Ever hear the warning ‘don’t swim after it’s rained’?
That’s because the rain runs off our paved streets directly to the ocean via the network of stormwater drains, canals and rivers every city has, carrying with it all the accumulated along the way. Then there’s the periods of heavy rain… when water management authorities may decide to ‘’ the sewerage system and release effluent into waterways!
The major problem is .
The UNSW is currently conducting a study on people’s perceptions of sharks.
Amongst a range of user groups, they’re keen to understand more about ocean swimmers and our attitudes towards sharks – after all, we do spend a lot of time swimming in the open water!
The ocean is full of creepy crawlies that give beach goers the heebie jeebies.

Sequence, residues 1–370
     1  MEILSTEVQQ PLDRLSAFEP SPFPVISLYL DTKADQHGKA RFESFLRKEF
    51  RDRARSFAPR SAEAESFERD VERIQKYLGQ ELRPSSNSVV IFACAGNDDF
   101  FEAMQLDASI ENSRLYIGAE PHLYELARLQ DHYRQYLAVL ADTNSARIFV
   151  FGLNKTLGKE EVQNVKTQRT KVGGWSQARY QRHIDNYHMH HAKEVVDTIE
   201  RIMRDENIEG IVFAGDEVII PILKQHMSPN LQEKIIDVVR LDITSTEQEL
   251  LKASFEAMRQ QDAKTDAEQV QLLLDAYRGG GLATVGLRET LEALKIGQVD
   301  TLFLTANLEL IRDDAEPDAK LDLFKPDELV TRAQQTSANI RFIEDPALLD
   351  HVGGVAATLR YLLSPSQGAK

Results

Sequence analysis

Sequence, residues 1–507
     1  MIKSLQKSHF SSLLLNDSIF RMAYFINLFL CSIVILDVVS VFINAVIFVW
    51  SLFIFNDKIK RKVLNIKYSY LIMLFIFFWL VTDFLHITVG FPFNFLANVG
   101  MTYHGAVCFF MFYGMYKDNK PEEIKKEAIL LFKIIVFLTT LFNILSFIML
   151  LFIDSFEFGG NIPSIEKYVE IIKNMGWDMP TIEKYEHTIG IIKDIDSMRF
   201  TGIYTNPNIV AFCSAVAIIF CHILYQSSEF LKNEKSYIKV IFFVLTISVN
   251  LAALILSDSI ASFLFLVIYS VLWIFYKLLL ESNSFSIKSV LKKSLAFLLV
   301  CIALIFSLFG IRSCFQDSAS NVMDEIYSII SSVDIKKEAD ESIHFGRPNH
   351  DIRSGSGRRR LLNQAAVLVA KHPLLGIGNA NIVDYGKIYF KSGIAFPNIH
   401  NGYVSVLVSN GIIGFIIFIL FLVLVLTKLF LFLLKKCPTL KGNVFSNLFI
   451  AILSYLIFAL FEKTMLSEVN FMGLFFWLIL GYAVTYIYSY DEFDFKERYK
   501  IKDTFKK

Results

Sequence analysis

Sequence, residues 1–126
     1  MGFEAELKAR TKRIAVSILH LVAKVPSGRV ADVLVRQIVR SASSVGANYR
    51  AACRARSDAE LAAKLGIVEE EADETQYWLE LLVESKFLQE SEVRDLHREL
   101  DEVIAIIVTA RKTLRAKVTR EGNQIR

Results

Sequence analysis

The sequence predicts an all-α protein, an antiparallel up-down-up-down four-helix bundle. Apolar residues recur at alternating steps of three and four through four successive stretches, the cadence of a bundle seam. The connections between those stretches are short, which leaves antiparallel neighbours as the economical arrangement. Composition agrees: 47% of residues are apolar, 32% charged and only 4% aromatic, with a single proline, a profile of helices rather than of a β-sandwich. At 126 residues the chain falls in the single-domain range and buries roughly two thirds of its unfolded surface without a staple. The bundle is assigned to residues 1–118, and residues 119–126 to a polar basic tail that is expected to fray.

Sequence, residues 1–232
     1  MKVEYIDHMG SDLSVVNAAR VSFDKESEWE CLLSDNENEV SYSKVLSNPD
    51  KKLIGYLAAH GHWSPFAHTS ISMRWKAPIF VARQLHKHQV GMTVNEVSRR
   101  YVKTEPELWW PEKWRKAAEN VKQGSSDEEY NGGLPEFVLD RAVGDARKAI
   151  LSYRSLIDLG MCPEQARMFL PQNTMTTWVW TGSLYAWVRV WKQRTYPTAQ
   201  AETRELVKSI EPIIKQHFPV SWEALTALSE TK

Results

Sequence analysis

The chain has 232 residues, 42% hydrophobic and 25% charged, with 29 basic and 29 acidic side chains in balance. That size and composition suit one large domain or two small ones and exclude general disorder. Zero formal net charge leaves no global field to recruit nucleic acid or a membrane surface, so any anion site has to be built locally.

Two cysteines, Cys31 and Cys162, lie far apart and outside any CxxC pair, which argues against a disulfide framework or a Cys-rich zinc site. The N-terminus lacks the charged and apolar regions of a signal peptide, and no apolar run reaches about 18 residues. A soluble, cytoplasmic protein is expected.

These are the ugly looking critters that tickle, poke, sting and nip. They freak you out, make your heart skip a beat and send your breathing rate into a teenage girl frenzy.
Seaweed, crabs and jellyfish seem to cause the most grief.
But what are you worried about?
This morning a (SMH article includes a quote from me).
According to American scientists we shouldn’t feel guilty about peeing in the ocean… in fact they reckon it’s great for marine life!
Wondering how that could be? You’ve got to check out the video explanation for a lifetime of #guiltfreepee
As long as we continue to swim in the ocean, and as long as the perceived threat of sharks looms over our heads, there will be attempts to keep sharks at bay and reduce public fear and anxieties.
In what seems to be the most advanced shark detection system developed so far, and far from the hideous ‘over summer, this system by Shark Mitigation Services hopes to have their buoy detecting sharks in the water using face-recognition technology and sending warning text messages to local lifeguards on the beach.